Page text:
Most people imagine rivers to belong meandering waterways flowing down faraway mountains, through the valleys and the plains until it reaches the ocean or a lake. Along its entire route, the river fertilizes the land allowing plants and crops to grow. Animals congregate around its banks, humans build towns and cities. Water from rivers are diverted for flood control, irrigation, power generation, drinking, and even waste disposal. This is true for many rivers on this planet. But there are also rivers that are so short that you could walk the entire length of it within a few minutes. You might argue that if a river is so small, it shouldn’t be called a river at all but a stream or a creek, which begs the question: what defines a river?
LINK (via: Amusing Planet)
One thought on “The Shortest Rivers in The World”
Then there’s that short, very clear one on main Ruta 40 south of Bariloche in Argentine Patagonia. Where Ruta 40 is met by the lesser Ruta 82 at Villa Mascardi, where there is a bridge across a river that come piling out of Lago Guillelmo to the south, then briefly runs north, not for the mere yards being mentioned here but more a mile or so(?) to enter a much-larger, blue-crystal lake, Lago Mascardi, at a fine-looking “boca” or rivermouth.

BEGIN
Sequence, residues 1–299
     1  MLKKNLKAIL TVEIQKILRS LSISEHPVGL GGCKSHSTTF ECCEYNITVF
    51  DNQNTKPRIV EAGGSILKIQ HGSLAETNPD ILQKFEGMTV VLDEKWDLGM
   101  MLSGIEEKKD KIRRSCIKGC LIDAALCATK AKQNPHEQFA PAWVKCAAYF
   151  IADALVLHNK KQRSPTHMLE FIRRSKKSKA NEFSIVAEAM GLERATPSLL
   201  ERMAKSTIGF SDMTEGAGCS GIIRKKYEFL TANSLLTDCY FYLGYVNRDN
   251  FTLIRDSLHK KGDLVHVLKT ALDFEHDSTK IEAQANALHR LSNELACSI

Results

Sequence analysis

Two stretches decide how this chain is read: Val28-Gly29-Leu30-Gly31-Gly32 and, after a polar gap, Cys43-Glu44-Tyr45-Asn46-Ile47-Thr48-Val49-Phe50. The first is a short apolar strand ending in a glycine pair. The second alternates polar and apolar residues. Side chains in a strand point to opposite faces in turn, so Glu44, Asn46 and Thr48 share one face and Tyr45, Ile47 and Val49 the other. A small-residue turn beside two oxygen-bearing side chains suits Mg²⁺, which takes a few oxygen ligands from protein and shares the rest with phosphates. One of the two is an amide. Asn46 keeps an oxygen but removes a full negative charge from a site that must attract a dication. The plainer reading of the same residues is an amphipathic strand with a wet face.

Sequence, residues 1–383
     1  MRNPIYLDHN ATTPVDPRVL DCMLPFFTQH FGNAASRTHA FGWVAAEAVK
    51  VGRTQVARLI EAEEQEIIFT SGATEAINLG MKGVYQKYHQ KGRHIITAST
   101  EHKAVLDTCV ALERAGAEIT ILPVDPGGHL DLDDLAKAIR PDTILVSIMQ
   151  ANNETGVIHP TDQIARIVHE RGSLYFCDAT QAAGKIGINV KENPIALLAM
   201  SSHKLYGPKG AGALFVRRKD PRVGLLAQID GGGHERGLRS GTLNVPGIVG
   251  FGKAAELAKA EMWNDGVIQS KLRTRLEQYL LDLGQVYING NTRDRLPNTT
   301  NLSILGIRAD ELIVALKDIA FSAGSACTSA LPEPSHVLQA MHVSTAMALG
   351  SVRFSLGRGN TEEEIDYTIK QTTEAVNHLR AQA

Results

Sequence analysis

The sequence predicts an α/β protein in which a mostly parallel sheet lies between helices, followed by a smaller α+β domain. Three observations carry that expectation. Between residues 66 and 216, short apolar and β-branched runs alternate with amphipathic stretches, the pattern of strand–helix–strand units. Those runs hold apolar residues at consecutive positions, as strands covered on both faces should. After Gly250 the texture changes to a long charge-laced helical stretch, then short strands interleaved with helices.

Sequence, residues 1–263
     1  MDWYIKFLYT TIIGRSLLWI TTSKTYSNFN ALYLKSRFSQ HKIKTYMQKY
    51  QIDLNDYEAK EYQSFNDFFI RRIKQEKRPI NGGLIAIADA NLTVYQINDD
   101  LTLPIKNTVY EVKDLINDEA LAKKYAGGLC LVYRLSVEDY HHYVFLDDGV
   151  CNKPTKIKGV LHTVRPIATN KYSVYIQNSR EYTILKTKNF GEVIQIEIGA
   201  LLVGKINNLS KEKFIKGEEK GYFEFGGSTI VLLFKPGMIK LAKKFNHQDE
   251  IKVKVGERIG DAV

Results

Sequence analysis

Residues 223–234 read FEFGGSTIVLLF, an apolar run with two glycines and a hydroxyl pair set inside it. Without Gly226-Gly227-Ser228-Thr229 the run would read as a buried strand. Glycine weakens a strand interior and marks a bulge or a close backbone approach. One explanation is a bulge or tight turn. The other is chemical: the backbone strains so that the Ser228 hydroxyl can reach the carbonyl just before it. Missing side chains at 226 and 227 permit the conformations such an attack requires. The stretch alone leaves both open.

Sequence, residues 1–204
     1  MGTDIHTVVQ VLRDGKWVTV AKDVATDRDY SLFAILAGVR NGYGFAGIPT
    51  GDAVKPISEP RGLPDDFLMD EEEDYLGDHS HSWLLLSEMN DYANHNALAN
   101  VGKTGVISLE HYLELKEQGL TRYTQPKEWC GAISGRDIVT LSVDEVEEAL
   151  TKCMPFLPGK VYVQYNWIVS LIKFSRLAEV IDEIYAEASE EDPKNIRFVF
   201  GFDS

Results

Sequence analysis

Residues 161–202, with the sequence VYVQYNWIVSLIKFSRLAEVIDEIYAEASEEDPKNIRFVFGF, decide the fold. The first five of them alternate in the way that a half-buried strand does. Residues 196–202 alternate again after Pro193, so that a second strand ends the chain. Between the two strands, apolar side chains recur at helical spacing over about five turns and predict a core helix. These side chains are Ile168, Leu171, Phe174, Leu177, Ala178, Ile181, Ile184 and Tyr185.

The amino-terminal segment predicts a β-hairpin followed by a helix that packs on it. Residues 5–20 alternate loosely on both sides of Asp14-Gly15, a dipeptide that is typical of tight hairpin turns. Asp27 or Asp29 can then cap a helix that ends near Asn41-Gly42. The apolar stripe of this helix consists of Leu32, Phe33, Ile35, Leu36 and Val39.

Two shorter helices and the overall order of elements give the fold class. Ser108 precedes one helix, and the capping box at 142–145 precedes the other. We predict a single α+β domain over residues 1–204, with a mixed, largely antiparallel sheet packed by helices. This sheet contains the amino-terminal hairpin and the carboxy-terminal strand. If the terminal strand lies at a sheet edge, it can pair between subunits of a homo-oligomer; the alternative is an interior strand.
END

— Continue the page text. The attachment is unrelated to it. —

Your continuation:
I never fished it, but did stop at the spot once on my first trip to Esquel many miles to the south, to have a snack and glug down some cold water and watch a local flyfisher, a very good caster, wading deep in the Mascardi boca, repeatedly fire out a streamer far across the entering current with sinking shooting-head.
After a few minutes his fly was taken. The hooked fish, a b ig, silvery, surely double-digit rainbow, promptly went airborne ballistic then ran far and long out into Mascardi, where it came out of the water once more then was gone.
A nice spot of fishy entertainment on our way south.